C6.00007: How to create macroscopic superposition states of cold bosons in an asymmetric double well Miguel-\'Angel Garc\'Ia-March, Lincoln Carr The quantum models of the behavior of cold bosons in a double well attribute self trapping of an initial maximal population imbalance, i.e. all atoms localized initially in one of the wells, to exponentially long tunneling times. We show that this self trapping can also be attributed to the presence of a small tilt. Nevertheless, when the tilt is increased this tunneling reappears periodically for certain resonant values of the tilt. The higher the value of the resonant tilt is, the higher the deviations around it the initial state supports without self trapping in one of the wells and the quicker the period of the tunneling is. Therefore, a properly prepared tilt around one of the resonances allows the experimental observation of the quantum sloshing of the atoms initially localized in one of the wells. We show that macroscopic superposition states, that take the form of NOON or NOON-like states, are realized periodically along the quantum sloshing of the cold bosons, thus paving the way for their experimental observation. [Preview Abstract] |
Wednesday, May 26, 2010 3:24PM - 3:36PM |
C6.00008: Coherent control of population transfer between Wannier-stark states in an optical lattice via one- and two- phonon interference Chao Zhuang, Christopher Paul, Samansa Maneshi, Luciano Cruz, Aephraim Steinberg We demonstrate coherent control of population transfer between quantum vibrational states in an optical lattice by using interference between a 2-phonon excitation at $\omega$ and a 1-phonon excitation at $2\omega$. By varying the relative phase between phase modulation (PM) of the lattice at $\omega$ and amplitude modulation (AM) at $2\omega$, we observe oscillations in the branching ratio between transition to the first excited state and higher excited states. We will present experimental data showing the quantum interference between a 2-PM-phonon and a 1-AM-phonon for different excitation amplitudes. Our best result, by tuning the excitation amplitude and relative phase, shows an improvement of coupling into the first excited state by $23\%$ and the branching ratio by a factor of $3.5\pm0.7$, when the total population in the higher excited states is reduced to our measurement noise level. [Preview Abstract] |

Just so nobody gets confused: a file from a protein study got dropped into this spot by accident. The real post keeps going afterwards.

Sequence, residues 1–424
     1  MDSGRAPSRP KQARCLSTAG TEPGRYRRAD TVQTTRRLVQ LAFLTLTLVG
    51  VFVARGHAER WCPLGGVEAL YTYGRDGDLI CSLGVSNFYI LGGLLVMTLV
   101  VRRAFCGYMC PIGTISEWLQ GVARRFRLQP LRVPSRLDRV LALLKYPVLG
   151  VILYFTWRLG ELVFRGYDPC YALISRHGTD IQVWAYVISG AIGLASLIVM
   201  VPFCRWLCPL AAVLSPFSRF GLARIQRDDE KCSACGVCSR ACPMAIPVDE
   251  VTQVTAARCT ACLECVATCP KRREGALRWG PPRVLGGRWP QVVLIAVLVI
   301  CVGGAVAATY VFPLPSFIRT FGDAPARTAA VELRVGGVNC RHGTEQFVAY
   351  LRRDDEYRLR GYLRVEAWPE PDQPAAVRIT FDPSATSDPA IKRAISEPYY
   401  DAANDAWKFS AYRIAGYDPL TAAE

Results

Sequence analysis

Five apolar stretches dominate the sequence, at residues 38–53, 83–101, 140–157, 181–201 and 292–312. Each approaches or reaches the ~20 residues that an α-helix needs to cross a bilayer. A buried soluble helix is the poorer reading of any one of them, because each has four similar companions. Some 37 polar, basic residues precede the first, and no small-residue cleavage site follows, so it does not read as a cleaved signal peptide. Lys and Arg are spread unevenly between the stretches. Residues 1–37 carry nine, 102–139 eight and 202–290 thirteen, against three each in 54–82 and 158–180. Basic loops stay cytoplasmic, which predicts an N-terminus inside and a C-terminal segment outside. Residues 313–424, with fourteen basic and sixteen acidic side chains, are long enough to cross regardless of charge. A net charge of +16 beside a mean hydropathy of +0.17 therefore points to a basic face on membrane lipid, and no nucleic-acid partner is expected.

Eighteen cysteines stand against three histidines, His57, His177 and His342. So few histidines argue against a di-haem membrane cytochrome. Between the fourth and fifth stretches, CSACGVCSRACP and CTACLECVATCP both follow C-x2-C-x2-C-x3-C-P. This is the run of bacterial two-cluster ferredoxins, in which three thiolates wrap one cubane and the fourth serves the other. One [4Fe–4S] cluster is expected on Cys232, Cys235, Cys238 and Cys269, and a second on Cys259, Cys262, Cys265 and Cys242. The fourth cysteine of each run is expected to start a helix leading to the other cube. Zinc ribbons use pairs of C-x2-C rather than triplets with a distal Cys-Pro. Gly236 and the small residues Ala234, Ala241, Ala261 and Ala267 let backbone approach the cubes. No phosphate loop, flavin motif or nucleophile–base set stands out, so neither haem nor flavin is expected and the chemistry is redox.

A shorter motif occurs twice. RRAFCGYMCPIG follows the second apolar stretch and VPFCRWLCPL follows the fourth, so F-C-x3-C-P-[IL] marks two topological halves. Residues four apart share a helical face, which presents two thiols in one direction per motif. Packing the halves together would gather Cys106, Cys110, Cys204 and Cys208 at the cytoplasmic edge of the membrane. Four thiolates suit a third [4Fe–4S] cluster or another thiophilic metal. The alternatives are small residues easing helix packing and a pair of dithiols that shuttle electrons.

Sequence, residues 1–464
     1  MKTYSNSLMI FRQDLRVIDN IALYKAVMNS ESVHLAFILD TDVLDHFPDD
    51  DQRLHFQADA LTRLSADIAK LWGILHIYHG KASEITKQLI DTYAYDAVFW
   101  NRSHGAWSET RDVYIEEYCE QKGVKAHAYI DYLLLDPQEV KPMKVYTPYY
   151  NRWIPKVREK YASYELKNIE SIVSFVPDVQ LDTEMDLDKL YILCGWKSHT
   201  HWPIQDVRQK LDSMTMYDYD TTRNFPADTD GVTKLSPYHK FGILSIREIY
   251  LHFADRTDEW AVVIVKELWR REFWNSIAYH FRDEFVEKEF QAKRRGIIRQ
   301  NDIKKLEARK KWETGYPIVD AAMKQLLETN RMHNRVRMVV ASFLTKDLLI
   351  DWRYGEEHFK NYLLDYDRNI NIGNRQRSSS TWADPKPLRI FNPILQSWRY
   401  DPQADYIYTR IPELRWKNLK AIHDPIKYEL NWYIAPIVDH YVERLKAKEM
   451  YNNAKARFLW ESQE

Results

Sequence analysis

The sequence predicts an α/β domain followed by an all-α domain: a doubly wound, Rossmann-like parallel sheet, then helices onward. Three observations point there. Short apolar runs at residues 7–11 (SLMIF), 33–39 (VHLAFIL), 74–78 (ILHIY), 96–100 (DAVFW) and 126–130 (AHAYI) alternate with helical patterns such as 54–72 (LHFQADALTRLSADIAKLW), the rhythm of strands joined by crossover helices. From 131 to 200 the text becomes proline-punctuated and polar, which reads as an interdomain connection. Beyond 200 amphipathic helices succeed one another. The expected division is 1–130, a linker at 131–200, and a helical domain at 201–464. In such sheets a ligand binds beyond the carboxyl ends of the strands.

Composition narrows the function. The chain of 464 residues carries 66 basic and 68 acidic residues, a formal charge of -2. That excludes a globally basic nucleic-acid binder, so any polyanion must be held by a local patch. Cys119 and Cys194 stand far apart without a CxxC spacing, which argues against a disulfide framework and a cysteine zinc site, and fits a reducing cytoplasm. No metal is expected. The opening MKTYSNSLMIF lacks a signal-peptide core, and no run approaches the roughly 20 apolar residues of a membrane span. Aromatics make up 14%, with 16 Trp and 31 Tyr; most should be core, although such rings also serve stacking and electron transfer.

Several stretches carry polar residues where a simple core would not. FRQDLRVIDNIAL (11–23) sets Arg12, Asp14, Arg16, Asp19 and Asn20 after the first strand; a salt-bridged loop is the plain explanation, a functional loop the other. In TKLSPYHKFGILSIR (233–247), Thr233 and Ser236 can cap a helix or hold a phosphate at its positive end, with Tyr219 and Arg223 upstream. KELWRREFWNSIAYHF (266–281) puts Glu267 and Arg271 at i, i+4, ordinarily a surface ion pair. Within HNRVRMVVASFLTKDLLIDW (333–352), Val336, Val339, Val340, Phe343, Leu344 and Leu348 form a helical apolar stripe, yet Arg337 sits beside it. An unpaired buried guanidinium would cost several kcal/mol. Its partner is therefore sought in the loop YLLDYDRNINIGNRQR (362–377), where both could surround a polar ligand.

Wednesday, May 26, 2010 3:36PM - 3:48PM |
C6.00009: Quasiparticle Spectrum of 2-d Dirac Vortices in Optical Lattices Laith Haddad, Lincoln Carr Bose-Einstein condensates (BEC's) in a honeycomb optical lattice are described by a nonlinear Dirac equaton (NLDE) in the long wavelength, mean field limit [1]. The bipartite structure of the lattice appears as pseudospin in the multi-component BEC with states above and below the Dirac point playing the roles of particles and antiparticles. Although much work has been done on NLDE's, the bulk of the literature deals with models with Poincare invariant nonlinearites. In contrast our equations break Poincare symmetry providing an opportunity to study phenomenological models in cosmology and particle physics where this symmetry is not manifest. We present the associated linear stability equations and apply them to the case of weak contact interactions to obtain the quasiparticle energies, states, and stabilities of vortex solutions of the mean field equations. We discuss future applications of our results to problems at the interface between condensed matter and particle physics.\\[4pt] [1] L. H. Haddad and L. D. Carr, ``The Nonlinear Dirac Equation in Bose-Einstein Condensates: Foundation and Symmetries,'' Physica D: Nonlinear Phenomena, v. 238, p. 1413 (2009). \underline {http://arxiv.org/pdf/0803.3039v1} [Preview Abstract] |